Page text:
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The Fifties by Edmund Wilson, edited by Leon Edel (Farrar, Straus & Giroux: $25; 661 pp.)

September 21, 1986|Ronald Gottesman | Gottesman teaches literature at the University of Southern California. and

Alas, as I too often remind my students, there are no Cliff's Notes to life. Happily, however, Edmund Wilson has left his voluminous notes to the middle 50 years of the 20th Century, and these can be a source of pleasure and instruction if not a guide to how to live. This fourth and penultimate volume in this series of decade-by-decade notebooks and diaries (sensibly edited by Leon Edel) provides a double record of Edmund Wilson as a man and as a writer, and while it consists of a complex, immense and, inevitably, fragmentary account of these years, the stories it tells--or implies--are essentially three: of consolidation, reconciliation and renewed creativity. By turns amusing, poignant, tedious, surprising, charming and shrewd, this uncensored document of a mind and spirit in process is further proof--if any is needed--that Wilson was a major man of letters, arguably the most important one in America in this century. He taught a generation of Americans how to read the great modernists, another generation how to understand the heroic spirit of early Socialist and Communist leaders, and yet another how to understand the American past. "Axel's Castle" (1931), "To the Finland Station" (1940) and "Patriotic Gore" (1962) are permanent acquisitions of our culture, and even if Wilson had not written dozens of additional volumes of largely excellent fiction, poetry, plays, reviews, travel essays, autobiography and wide-ranging cultural commentary, we would still be deeply in his debt. Whatever his faults and limitations, Wilson belongs in the select and honorable company of those American Jeremiahs who have affirmed the best human values in the midst of deeply discouraging circumstances. Whatever disillusionments and weariness Wilson experienced as he entered late middle age, he continued to hunger for new alphabets, and he was always on duty.

During the 1950s, Wilson collected, expanded and published five volumes of earlier writings: "Classics and Commercials: A Literary Chronicle of the Forties" (1950), "The Shores of Light: A Literary Chronicle of Twenties and Thirties" (1952), "Five Plays" (1954), his studies in four civilizations (Zuni, Haitian, Soviet Russian and Israeli), "Red, Black, Blond and Olive" (1956), and his trenchant political and social reportage of the Depression, "The American Earthquake" (1958).

These volumes of literary consolidation had their domestic parallels. Wilson continued to live in accord with his fourth wife, Elena Thornton Mumm, whom he had married in 1946. They settled down in Wellfleet, Mass., where they spent the fall, winter and spring, and he undertook the renovation and happy occupation (usually without Elena) of the Old Stone House, the family summer home in the foothills to the Adirondacks, which he inherited when his mother died in 1951. For the first time as an adult, Wilson was able to look back from a position of some security (he was reasonably well paid by The New Yorker) and with a serenity he described as "the sweetness of life." This sense of having arrived safely home, of having a secure place in an extended family, is the most touching development of this period of his life. The Old Stone House, most fully dealt with in "Upstate" (1972), was clearly Wilson's "Great Good Place," the locus of his physical, social and psychic well-being.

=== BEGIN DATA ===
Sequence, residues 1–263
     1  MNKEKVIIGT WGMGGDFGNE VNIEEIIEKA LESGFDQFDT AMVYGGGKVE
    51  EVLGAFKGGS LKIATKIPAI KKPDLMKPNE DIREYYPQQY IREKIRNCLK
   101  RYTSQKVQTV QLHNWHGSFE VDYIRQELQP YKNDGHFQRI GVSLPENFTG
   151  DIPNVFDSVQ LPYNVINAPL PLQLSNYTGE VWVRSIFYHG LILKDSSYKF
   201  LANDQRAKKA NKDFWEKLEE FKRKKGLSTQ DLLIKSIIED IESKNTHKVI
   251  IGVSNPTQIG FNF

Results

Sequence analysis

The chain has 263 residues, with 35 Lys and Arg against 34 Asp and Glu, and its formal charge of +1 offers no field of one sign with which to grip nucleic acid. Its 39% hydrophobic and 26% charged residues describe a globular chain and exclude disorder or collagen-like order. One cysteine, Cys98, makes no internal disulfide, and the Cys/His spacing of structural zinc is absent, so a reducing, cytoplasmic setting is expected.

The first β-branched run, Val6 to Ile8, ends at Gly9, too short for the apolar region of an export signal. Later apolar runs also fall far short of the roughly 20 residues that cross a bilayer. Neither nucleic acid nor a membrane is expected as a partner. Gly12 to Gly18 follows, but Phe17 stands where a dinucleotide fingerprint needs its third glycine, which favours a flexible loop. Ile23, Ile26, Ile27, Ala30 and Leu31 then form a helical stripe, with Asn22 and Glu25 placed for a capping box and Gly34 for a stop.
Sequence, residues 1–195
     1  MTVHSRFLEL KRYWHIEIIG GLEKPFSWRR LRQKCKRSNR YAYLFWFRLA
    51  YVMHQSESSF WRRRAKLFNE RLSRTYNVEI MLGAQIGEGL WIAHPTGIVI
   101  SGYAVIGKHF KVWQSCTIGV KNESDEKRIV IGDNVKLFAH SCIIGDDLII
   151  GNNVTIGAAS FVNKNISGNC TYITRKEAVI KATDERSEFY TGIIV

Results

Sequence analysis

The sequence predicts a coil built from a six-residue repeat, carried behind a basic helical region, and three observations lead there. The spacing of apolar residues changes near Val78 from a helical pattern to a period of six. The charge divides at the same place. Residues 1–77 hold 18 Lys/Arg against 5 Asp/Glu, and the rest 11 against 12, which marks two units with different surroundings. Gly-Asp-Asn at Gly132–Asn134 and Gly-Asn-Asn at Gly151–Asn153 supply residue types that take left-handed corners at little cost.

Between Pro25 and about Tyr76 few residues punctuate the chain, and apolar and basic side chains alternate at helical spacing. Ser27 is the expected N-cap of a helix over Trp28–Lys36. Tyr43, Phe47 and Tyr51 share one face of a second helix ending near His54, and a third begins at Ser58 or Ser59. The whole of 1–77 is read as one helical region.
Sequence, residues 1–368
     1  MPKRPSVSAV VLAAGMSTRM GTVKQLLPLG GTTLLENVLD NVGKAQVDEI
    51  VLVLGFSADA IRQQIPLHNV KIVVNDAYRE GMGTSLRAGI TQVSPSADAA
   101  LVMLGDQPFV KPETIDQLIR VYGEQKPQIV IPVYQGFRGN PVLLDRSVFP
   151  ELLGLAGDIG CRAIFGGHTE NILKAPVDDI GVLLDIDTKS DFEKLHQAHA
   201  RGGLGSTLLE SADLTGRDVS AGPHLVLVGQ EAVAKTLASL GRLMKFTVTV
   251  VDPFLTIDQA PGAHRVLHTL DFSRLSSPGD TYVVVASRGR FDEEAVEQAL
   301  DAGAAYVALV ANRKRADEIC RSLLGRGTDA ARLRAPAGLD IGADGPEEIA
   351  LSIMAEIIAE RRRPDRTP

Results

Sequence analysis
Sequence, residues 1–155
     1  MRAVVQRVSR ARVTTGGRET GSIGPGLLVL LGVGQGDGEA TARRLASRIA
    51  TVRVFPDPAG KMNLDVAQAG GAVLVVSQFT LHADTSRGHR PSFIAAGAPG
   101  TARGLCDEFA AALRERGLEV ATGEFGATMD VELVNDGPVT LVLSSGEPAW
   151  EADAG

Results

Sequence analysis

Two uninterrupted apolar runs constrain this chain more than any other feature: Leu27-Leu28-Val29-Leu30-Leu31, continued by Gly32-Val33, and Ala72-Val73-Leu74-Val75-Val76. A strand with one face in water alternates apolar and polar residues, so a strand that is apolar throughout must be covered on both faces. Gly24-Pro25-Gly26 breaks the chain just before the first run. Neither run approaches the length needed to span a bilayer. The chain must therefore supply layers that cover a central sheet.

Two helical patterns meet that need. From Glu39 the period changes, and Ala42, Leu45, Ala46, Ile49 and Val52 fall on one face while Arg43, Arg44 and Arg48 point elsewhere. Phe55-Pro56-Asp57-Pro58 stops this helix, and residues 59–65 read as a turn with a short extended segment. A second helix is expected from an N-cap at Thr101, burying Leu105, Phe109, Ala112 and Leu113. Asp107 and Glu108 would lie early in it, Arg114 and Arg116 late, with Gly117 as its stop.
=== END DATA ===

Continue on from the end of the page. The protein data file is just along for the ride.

Reconciliation was also signaled by literary as well as personal developments. His mother had never encouraged or read Wilson, and her death is recorded briefly and without apparent emotion. (Indeed, one of the most interesting features of this "intimate" volume is an affectlessness that goes beyond disinterest or reserve. Perhaps because he knew these private writings would one day be published, they contain rather little that is private or introspective.)

Edna St. Vincent Millay had been Wilson's early love, and her death in 1950 allowed him, as Leon Edel puts it, "a kind of final shutting of the gate on his passionate past." But the death that affected him the most was of his mentor, Christian Gauss, whom he also memorialized in a powerful, self-revealing essay. Perhaps more important, the death of Gauss, his intellectual father, made it possible for Wilson to come to terms, at last, with his biological father, who had died more than a quarter of a century earlier. This moving paternal portrait appeared in a collection of autobiographical essays, "A Piece of My Mind: Reflections at Sixty" (1956). In lovingly evoking this gifted, successful and melancholy man, Edmund Wilson Jr. was at last able to exorcise Edmund Wilson Sr. and free himself for the "prodigies of writing" he accomplished in the balance of the decade--and for the equanimity he could enjoy with minimal guilt.

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